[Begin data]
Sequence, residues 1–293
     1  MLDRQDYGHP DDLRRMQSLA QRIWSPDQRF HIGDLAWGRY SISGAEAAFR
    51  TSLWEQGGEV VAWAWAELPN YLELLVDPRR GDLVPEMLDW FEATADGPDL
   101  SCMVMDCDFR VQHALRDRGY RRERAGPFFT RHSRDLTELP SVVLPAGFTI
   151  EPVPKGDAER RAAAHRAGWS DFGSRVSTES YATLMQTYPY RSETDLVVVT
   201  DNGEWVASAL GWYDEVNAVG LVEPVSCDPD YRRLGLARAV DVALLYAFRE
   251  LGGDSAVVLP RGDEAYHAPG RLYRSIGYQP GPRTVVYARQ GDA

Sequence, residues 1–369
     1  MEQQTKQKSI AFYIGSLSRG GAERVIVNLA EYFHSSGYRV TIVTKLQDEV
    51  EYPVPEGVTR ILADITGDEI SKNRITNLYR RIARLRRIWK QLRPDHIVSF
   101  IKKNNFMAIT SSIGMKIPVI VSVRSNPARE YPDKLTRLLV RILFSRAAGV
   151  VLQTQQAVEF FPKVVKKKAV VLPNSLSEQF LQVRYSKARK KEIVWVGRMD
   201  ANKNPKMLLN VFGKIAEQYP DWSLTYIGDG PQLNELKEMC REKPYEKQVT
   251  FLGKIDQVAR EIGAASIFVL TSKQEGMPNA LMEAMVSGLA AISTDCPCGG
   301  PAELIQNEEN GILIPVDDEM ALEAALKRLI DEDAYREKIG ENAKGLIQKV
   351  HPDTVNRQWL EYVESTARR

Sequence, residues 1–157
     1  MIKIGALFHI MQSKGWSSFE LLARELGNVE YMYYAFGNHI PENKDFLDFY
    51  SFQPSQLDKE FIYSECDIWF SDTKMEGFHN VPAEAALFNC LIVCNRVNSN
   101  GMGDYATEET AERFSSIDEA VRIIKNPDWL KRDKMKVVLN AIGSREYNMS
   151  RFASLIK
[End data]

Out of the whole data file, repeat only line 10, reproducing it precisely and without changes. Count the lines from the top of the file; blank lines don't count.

    51  EYPVPEGVTR ILADITGDEI SKNRITNLYR RIARLRRIWK QLRPDHIVSF